Apart from the official exhibitions, many other Venice museums and institutions mount shows during the months of the Biennale. To my mind one of the most rewarding of these for the art lover is at the Palazzo Fortuny (entitled TRA. Edge of Becoming). Here on view is a wonderful kinetic art work by Davide Boriani (b. 1936) from the early 60s Superficie magnetica. It consist of tiny metal filaments encased in a clear disc, a hidden magnet rotates behind that moves the grey filaments around creating intriguing patterns. This is just the sort of thing, with its connotations of entropy, that pioneering cybernetic artists would have found fascinating.
Here are rooms full of a wide variety of art and objects from a range of periods and locations collected by the Fortuny family over many years which presumably they lived with and loved, displayed to great effect in a palace which is currently under restoration. What makes this such a marvellous place to visit is not only the opportunity to glimpse a collector’s mindset they were clearly attracted to the weird, the surreal, light and optical illusions (including a James Turrell light installation), but also the manner in which diverse objects are put together with much thought and care as to placement and ideas (a whole floor is devoted to the concept of doorways). An interesting comparison can be made with the Francois Pinault collection on view at Ponta Della Dogana at the end of the Grand Canal. Here we have a fabulously wealthy collector who appears to have bought, almost as if from a catalogue, one of each of the most famous and bankable contemporary post-pop artists (Hirst, Charles Ray, Jeff Koons, etc). This is not to do down these artists particularly, nor indeed the beautiful restoration of the former Venice customs house that houses it all, but the collection clearly lacks that idiosyncratic, personal touch of artwork acquired over a lifetime, that tells us of the collector and makes a collection like the Fortuny so memorable.
But the best thing so seen so far at this year’s Biennale is an exhibition entitled Penelope’s Labour: Weaving Words and Images at the Giorgio Cini Foundation on San Giorgio Maggiore (the same island that hosted last Biennale’s wonderful Peter Greenaway digital installation). This thoughtful and beautifully-curated show explains the importance of the Jacquard Loom, especially in relation to contemporary tapestry art. I particularly like the apt quote from Ada Lovelace to Charles Babbage (from 1843), printed up on one wall which arguably marks the beginning of the digital age.
Alongside antique tapestries are displayed works by British artists Marc Quinn and Grayson Perry, whose Walthamstow Tapestry, (following the example of the Bayeux piece) tells an ironic story of 21st Century consumerist life in Britain and is a magnificently witty contribution to contemporary art that deserves to be put on display somewhere permanently. (I hear some of his work is heading for display at the British Museum later this year, maybe this work will make it?) Perry is a consummate draughtsman and this fine work does justice to a skill sadly too often overlooked in avant-garde contemporary art. Here is a blind Guggenheim being led by a guide dog – Sotheby’s:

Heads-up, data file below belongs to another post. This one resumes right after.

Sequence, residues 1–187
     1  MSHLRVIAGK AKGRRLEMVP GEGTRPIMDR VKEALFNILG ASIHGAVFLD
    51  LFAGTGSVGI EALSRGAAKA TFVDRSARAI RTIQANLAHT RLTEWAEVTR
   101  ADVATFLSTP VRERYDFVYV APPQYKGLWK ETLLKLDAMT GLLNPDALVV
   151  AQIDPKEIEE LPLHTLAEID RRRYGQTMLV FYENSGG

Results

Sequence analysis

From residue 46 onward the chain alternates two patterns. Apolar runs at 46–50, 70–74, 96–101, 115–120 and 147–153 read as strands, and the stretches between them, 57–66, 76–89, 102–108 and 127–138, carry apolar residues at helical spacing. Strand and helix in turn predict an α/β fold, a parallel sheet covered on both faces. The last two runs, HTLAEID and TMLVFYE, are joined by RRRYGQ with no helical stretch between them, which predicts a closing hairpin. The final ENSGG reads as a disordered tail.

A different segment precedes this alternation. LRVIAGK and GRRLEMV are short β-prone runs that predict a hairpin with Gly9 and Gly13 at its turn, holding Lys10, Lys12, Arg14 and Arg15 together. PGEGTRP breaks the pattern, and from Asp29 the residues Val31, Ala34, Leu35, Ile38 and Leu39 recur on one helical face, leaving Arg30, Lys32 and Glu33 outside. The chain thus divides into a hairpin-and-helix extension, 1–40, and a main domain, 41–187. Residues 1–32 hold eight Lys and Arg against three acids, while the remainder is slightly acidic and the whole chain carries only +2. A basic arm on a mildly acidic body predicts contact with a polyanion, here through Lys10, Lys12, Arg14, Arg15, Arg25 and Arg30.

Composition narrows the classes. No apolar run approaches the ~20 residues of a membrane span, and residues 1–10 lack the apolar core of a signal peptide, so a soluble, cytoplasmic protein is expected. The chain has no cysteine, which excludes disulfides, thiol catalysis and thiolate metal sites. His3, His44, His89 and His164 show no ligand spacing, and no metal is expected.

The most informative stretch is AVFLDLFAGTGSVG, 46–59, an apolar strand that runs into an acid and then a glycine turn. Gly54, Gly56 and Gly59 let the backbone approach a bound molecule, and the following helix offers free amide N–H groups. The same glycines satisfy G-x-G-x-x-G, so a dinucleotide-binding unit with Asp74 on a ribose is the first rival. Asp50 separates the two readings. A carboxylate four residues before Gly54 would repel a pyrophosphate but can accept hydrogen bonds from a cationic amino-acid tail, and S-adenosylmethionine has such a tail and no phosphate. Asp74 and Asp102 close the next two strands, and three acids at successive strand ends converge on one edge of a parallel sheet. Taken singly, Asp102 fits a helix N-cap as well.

Following his recent show in Cork Street, this month’s image is by that great pioneer Harold Cohen, the only artist I know who is tackling the problem of building a program that actually makes art, rather than modelling human art-making. Summer Equinox (below) is representative of the latest development of AARON his art making computer program, and uses paint applied by Harold by hand over underpainting produced by the program. Read the full article here :http://www.bcs.org/content/conWebDoc/40294
A Little-Known Story About a Movement, a Magazine, and the Computer’s Arrival in Art: New Tendencies and Bit International, 1961-1973, edited by Margit Rosen has recently been published by MIT Press. I’ve long admired Margit’s work at Germany’s ZKM and this book, clearly the result of years of hard work, brings together Margit’s significant research and curatorial skills. It is a great, weighty tome that delivers a big bang for your buck, illuminating an exhibition movement that took place predominately in Europe – although its reach extended to Britiain and elsewhere (particularily seen in the work of Gustav Metzger, Alan Sutcliffe and others discussed within). Highlights include a clear and useful introductory essay by Margit, re-printed original texts by Metzger, Herbert W Franke, Joanthan Benthall to name just three and numerous photographs and illustrations. The whole publication is wonderfully clear and beautifully laid-out as you might expect from a top-class museum like the ZKM. Well worth a read if you’re interested in questions of why we are where we are today.
A talk by artist, designer and entrepreneur Anna Hill, founder of Space Synapse Systems, is scheduled for Thursday 19th May at 6.30pm at Birkbeck, Gordon Square. Space Synapse aims to bring the experiences of Space to the Internet through gaming, virtual edutainment and environmental engineering.
All are welcome at what promises to be a fascinating presentation by this artist who has worked with NASA.